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 Post subject: Pizza dough
PostPosted: Fri Nov 14, 2014 2:44 pm 

Joined: Thu May 24, 2012 6:20 am
Posts: 2795
Not a picture...sorry my pizza crusts suck. That is the point of the post, anyone have a pizza dough recipe they like that they are willing to share? I know these things are "need-to-know" but damn is this getting annoying.

My dough recipes never seem to develop much gluten so they end up more like a spongy bread. The flavor is ok, but the texture is all wrong. I have tried a number of recipes with both bread flour and AP, I usually mix on the wet side then add flour toward the end and knead into a ball, proof for at least a few hours, then bake as high as I can get my oven, ~500°.

Any pointers? Obvious shortcomings in my game plan?


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 Post subject: Re: Pizza dough
PostPosted: Fri Nov 14, 2014 5:11 pm 
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Joined: Wed May 16, 2012 4:42 pm
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Location: USA... mostly.
CEDAR <> Explain the final product more. "Spongy bread" is ambiguous.

    What is the crust looking like (i.e., color, thickness, density, etc.)?
    What are you baking on (stone, aluminum, cast iron, etc.)?
    What temperature does your oven actually get up to (on an in oven thermometer at the level you're baking)?
    What style pie (e.g., neopolitano thin crust, chicago deep dish, etc.)?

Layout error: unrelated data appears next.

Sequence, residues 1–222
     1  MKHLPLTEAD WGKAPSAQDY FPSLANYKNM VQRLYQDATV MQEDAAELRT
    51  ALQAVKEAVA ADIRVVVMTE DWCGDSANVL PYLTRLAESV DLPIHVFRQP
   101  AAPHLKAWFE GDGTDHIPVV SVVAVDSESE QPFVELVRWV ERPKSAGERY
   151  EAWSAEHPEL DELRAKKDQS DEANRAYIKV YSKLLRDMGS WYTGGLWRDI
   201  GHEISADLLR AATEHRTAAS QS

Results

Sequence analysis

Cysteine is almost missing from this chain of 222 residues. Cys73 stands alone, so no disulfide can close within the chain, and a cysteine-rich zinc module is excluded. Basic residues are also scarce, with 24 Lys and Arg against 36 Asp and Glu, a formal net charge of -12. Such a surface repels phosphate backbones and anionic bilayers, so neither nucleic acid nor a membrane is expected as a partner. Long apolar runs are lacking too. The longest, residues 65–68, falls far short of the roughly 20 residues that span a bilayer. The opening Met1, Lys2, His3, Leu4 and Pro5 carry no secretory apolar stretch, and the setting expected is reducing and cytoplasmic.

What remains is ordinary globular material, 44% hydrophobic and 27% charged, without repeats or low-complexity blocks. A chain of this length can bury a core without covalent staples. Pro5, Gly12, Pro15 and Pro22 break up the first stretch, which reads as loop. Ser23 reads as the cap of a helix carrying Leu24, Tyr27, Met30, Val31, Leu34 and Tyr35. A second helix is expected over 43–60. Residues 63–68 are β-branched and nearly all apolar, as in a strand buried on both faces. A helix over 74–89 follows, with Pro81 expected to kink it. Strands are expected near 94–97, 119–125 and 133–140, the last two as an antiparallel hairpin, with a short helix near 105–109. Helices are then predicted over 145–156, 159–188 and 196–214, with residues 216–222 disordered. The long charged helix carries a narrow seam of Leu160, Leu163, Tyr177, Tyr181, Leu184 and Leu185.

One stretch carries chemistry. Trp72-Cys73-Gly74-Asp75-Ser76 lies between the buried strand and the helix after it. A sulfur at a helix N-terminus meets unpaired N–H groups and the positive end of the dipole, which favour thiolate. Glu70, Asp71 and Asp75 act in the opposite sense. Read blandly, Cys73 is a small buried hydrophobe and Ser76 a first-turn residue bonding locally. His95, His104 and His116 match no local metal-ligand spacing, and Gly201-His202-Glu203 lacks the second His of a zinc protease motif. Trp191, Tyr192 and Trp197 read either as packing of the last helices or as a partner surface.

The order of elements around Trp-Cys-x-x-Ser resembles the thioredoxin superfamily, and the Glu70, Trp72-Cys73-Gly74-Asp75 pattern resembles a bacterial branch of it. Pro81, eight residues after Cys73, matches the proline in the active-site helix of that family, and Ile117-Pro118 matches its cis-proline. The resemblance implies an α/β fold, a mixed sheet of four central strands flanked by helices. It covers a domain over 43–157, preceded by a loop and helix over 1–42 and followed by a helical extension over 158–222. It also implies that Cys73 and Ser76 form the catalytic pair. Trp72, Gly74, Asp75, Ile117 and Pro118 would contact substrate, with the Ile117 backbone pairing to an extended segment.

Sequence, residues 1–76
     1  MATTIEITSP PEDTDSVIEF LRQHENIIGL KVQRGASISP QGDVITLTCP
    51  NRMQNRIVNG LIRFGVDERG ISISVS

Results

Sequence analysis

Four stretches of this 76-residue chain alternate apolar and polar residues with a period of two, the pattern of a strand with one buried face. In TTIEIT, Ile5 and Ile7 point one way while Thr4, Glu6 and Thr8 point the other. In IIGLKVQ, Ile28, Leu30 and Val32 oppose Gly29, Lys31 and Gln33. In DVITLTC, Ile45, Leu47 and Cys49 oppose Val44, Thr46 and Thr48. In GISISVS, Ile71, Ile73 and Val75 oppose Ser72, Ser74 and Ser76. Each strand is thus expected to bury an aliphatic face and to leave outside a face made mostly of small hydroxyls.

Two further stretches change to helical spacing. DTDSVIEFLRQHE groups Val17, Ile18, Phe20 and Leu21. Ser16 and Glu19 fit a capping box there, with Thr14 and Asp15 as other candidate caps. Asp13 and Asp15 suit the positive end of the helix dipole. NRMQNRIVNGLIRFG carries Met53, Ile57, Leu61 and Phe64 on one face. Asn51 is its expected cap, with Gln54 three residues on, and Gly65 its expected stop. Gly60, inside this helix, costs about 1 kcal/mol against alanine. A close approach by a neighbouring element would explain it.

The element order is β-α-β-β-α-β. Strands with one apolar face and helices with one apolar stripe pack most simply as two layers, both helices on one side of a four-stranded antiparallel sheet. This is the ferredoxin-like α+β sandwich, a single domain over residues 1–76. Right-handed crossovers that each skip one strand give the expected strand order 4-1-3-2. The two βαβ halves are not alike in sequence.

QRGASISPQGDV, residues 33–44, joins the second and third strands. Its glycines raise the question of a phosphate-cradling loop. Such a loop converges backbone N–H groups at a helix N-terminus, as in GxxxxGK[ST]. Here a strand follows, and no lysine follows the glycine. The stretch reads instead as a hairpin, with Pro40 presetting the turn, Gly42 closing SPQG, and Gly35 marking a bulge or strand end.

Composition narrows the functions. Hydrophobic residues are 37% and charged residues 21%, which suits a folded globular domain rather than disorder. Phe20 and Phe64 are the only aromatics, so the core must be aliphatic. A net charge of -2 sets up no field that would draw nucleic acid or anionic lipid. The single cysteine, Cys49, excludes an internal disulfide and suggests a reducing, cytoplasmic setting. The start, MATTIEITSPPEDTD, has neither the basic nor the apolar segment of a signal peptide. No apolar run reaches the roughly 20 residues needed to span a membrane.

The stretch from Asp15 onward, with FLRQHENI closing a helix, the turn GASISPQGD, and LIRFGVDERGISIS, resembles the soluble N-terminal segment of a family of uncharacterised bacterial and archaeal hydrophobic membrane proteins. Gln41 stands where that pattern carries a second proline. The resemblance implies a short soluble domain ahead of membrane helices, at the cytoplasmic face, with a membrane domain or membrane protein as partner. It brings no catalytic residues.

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 Post subject: Re: Pizza dough
PostPosted: Fri Nov 14, 2014 6:37 pm 

Joined: Thu May 24, 2012 6:20 am
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Thanks for responding Mel,

The dough I have been getting does not take to stretching well. It tears too easily. So last night I rolled it out to ~1/4". It held that dimension when cooked. The color on the bottom and exposed sides was about the color of a brown roux, dark but not real dark. I have a basic white bread recipe I make to sop up soups, slather in butter, and dip in herb oil, the texture was similar to that though it was overcooked so it was a bit drier and crisper.

I was cooking on an overturned sheet pan.

This is a doh on my part, but I have not checked the temp while cooking pizza because it is set as high as I can get it so it doesn't matter if it is accurate. Obviously it did not occur to me that troubleshooting a problem does not depend on what myequipment can do.

Going for a thin crust.

Does that help?


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 Post subject: Re: Pizza dough
PostPosted: Fri Nov 14, 2014 7:43 pm 

Joined: Thu Aug 16, 2012 10:03 am
Posts: 273
Great questions, guys!

I (as a home cook) have also for long been looking for the perfect pizza dough recipe. Perfect for me is Italian style: very thin and crusty. I have been told this simply cannot be done in a home kitchen, since you need much higher temperatures than what can be achieved with a home oven.


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 Post subject: Re: Pizza dough
PostPosted: Fri Nov 14, 2014 8:33 pm